For many graduates, the work goes beyond daily news reports because jobs are plentiful with businesses that have a strong social media and online presence. “Everybody wants video,” England says. “Our students can take a story and enhance it with video.”

Film Production

The students and faculty in the B.F.A. Theatre, Film Production degree will also get the maximum use of Live Oak Hall. The program accepts students based on their GPA and a film portfolio that they create. The department received more than 50 applications for fall 2021, says Johnny McAllister, assistant professor and head of the film concentration. “I had planned to accept 15 of those but the quality was so strong and I’m anticipating us being able to move into this building,” he says, explaining why 37 applicants were accepted. Four new part-time instructors have joined the faculty: Monique Walton, Kenya Gillespie, Vanessa Uhlig, and Ben Bays. “What I’m most proud of in this program is the quality of our faculty. They all have flourishing film careers,” McAllister says.

McAllister is himself an award-winning filmmaker and screenwriter. In 2019 he wrote and executive produced “Bull” with his wife, Annie Silverstein, and Walton as creative producer. It premiered at the Cannes Film Festival, won the top three awards at the Deauville American Film Festival, and was scheduled to make its U.S. premiere at the SXSW Film Festival in March 2020 — just when movie houses closed because of COVID.

“We are going to be in a state-of-the-art building, and if we really want to compete regionally or nationally our students need to be using the latest equipment,” McAllister says. This includes lighting and cameras. “We need to stay on that sort of cutting edge and that takes a significant investment. In addition to having a great facility, we need students familiar with that equipment when they step in the real world,” he adds.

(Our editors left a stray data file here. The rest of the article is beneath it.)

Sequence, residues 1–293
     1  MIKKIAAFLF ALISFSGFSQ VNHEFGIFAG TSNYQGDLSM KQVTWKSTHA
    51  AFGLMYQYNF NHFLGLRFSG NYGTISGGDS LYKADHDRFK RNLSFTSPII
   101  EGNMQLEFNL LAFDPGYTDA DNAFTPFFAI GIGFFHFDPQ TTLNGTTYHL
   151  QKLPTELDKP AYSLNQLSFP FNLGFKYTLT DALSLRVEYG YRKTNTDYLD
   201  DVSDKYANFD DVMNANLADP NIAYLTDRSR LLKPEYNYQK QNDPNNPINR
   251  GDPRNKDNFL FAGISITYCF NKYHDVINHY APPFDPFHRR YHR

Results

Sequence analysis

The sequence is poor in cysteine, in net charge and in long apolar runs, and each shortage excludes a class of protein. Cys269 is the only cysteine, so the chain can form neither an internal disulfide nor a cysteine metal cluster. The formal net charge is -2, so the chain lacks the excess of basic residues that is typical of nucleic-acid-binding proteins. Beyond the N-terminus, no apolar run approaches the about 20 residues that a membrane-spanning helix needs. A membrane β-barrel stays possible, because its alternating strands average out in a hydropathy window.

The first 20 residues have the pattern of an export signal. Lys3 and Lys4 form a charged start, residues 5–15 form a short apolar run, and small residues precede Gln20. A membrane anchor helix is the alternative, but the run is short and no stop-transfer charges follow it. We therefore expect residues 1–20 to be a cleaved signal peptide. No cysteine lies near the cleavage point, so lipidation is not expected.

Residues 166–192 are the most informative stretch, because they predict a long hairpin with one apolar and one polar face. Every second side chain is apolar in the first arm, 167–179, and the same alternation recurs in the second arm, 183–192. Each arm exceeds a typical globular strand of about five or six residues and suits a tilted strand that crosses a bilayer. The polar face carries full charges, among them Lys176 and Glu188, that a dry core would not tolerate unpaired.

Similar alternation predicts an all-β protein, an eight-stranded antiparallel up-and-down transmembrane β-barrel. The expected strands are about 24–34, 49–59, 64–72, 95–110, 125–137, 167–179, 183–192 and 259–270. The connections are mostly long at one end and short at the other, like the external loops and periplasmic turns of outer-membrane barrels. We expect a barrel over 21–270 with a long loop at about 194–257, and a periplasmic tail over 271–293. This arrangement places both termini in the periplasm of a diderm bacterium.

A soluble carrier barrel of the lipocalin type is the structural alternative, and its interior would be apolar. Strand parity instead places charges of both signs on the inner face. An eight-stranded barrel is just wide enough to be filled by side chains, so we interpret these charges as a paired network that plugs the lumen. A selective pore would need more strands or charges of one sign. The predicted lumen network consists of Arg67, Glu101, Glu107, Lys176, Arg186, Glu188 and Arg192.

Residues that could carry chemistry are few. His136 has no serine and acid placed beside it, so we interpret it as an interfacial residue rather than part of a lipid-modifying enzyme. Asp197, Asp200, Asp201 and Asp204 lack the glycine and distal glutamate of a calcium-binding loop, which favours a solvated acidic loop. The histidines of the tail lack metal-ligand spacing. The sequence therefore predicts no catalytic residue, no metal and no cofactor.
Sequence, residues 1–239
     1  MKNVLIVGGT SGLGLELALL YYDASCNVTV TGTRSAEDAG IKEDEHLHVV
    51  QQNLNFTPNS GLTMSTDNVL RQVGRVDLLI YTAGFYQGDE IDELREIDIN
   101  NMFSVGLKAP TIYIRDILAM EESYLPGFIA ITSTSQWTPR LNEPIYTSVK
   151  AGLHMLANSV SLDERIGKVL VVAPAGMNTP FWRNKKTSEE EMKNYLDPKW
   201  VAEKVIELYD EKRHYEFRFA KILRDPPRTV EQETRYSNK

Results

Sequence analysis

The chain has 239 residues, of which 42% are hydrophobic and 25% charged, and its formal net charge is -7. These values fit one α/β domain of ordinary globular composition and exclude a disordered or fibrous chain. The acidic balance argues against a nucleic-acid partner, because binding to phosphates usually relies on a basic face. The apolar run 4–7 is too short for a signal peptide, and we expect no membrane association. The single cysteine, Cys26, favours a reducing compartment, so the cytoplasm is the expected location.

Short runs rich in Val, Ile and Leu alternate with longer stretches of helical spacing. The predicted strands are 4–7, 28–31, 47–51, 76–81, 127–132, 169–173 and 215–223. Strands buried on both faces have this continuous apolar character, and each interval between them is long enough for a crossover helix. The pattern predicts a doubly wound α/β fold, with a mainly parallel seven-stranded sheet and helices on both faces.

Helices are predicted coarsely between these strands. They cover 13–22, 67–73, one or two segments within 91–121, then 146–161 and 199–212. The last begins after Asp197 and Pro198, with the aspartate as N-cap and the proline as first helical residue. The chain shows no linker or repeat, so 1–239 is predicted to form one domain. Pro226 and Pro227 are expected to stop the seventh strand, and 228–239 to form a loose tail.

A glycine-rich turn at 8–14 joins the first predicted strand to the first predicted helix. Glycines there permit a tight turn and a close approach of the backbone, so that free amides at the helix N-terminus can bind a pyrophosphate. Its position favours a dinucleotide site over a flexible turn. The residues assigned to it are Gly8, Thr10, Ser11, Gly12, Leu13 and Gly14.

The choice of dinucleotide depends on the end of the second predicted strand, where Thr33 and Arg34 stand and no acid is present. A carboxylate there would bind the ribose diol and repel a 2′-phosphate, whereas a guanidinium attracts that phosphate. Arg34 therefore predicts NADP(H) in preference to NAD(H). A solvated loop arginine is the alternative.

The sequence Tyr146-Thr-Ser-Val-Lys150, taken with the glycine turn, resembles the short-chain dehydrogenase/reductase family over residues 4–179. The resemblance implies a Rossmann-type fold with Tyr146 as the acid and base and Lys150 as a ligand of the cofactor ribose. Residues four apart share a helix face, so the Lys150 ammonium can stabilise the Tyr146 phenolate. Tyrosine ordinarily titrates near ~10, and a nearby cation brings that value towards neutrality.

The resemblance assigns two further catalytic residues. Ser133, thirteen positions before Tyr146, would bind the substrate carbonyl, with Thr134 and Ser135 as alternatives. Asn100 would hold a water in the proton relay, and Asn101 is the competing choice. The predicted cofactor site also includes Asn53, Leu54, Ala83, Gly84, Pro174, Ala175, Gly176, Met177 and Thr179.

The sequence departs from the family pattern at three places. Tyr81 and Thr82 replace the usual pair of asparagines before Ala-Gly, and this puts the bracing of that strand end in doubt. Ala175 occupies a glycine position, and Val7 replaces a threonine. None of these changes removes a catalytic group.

The Texas State Film Club, which has recently seen a rise in its membership, gets high praise from McAllister. “It’s not just film appreciation — they are vital to everything we do in the film program. They help set up guest speaker screenings, run workshops, and welcome freshmen into our community. They even help each other get jobs after graduation,” he says.

Miranda Watchler, a junior in the film program, is a member of the film club, which that includes about 55 students. The New Mexico native says she started out as a digital media major, before learning about the film concentration. Watchler hopes one day to open her own production company. “I’ve had the opportunity to look at the plans (for Live Oak Hall) and saw all that it will have. I am very much looking forward to having a film room. I can’t wait to see what opportunities it will bring,” she says.

McAllister says graduates of the program will have the skills to produce a feature film or a pilot of a TV show. “We’re teaching what I call the complete filmmaker,” he says. Another strength that McAllister sees in the program is the proximity to theatre. “I think film is its own thing, but the fact that we have all of these shared skill sets and that we’re situated within the theatre department is special and unique. We have access to all these wonderful actors, technicians, costumers, and designers. We have a department full of creative artists at play.” ★

There are several ways for Bobcats and film/TV lovers to support this project, including naming opportunities. For more information contact Dr. Dan Perry in the Office of Development, or (512) 245-4055.